Finally on 20 September 2015, Nepal promulgated its seventh constitution – the first one made by the direct representatives of the people. The constitution federated the country in seven states and Nepal moved from a country with unitary system of government to being the Federal Democratic Republic. However, with constitution have also come new challenges for Nepal. Right after the constitution was promulgated, dissenting voices have been felt across the country.
To talk about the principles of a competitive federalism and also to hear young people’s analysis of the new constitution, the Liberty Discussion Group, once again, picked up James M Buchanan’s essay “Federalism as an Ideal Political Order and an Objective for Constitutional Reform” as the selected reader for the September edition of Liberty Discussion Session on 25 September 2015.
The takeaways for the members of the group were:
1. In a competitive federalism, there must be constitutional limits on the domain of the federal government to protect the citizenry from the discretionary powers of an all-powerful federal government.
2. Right to secession acts as a powerful mechanism to put a check on the powers of the federal government. The participants also discussed that it it is not a very popular practice to explicitly mention such a right in the constitution. However, they agreed that there should be possibilities for the states to secede through the referendum if its citizenry so chooses to.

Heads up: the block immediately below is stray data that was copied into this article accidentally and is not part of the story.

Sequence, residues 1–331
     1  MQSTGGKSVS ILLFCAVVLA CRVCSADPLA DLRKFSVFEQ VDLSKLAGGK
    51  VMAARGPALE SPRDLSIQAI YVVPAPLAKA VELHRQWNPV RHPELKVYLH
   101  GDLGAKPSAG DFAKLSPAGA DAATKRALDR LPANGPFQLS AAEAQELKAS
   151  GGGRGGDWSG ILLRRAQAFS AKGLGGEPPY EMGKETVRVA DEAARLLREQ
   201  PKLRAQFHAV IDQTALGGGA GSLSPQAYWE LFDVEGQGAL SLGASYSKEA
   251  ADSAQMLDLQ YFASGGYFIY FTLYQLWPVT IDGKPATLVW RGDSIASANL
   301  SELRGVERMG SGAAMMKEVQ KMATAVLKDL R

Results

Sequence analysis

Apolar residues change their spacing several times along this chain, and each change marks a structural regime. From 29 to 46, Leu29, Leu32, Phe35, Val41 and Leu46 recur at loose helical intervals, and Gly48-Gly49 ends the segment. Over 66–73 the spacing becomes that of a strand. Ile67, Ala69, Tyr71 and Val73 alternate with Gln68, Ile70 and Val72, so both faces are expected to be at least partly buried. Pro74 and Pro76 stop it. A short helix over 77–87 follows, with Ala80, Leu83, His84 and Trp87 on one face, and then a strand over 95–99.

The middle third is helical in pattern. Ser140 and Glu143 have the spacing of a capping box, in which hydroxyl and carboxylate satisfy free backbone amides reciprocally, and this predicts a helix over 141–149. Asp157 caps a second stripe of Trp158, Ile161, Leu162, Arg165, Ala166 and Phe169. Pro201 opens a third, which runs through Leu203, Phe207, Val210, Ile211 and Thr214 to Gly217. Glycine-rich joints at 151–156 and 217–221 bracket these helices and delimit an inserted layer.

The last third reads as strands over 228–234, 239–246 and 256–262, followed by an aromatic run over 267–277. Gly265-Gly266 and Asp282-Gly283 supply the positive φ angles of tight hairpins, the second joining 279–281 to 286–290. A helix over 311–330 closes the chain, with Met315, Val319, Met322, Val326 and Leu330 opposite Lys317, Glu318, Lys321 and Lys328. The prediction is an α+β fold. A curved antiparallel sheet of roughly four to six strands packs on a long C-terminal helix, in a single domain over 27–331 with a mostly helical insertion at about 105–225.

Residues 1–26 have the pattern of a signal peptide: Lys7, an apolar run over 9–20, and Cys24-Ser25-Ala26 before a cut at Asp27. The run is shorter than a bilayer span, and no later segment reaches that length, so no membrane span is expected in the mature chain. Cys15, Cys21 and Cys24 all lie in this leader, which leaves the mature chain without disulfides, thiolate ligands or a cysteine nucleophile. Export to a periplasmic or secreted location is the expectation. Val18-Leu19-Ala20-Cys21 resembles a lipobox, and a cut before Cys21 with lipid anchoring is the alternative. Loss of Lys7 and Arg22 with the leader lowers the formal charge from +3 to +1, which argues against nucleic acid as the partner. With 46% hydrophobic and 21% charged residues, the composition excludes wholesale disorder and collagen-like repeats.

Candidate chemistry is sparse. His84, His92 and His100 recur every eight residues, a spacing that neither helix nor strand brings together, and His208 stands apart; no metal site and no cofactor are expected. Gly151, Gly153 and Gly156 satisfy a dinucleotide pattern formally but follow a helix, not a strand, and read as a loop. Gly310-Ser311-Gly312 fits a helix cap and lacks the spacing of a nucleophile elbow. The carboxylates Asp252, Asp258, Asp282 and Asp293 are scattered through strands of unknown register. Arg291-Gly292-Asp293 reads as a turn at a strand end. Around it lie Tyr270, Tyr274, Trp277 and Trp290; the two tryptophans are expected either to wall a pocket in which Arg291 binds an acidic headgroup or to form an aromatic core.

3. In order to capacitate the states (and the subsequent local governments) to handle the local issues effectively, guarantee accountability and withhold the demands of the citizenry, the institutions of the unitary governance mechanism should be devolved.
4. There should be provisions so as to allow competition between the states to reap the benefits of competition just as well as consumers benefit from competition between the producers in a free market.
5. The participants discussed that as countries move from being an under-developed one to a developed one, they switch from being nepotism/favoritism driven to one driven by competitive institutions, like merit-basis.
6. Some participants pointed out that the federalism that Nepal has chosen through this new constitution is not competitive, on four grounds:
a) states have not been given enough autonomy
b) private sector has been distrusted
c) the constitution promotes reservation, which restricts competition and innovation, despite its good-intentions